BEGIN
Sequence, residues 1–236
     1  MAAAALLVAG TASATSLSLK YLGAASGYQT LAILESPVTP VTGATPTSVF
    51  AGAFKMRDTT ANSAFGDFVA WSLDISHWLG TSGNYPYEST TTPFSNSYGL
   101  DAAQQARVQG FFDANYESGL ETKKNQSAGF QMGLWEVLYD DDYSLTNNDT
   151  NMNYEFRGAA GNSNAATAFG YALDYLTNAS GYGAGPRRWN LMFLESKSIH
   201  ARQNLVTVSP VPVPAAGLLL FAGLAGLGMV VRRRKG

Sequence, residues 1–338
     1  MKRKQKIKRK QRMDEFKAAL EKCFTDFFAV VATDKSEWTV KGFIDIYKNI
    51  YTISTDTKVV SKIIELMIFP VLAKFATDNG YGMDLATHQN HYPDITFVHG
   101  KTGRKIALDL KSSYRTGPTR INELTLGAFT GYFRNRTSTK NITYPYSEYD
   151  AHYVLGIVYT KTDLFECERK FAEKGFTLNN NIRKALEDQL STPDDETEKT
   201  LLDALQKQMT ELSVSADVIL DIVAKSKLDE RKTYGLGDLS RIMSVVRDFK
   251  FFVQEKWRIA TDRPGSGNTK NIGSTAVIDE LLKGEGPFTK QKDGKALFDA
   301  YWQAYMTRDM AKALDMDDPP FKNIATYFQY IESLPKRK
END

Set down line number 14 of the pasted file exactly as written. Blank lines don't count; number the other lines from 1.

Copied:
   301  YWQAYMTRDM AKALDMDDPP FKNIATYFQY IESLPKRK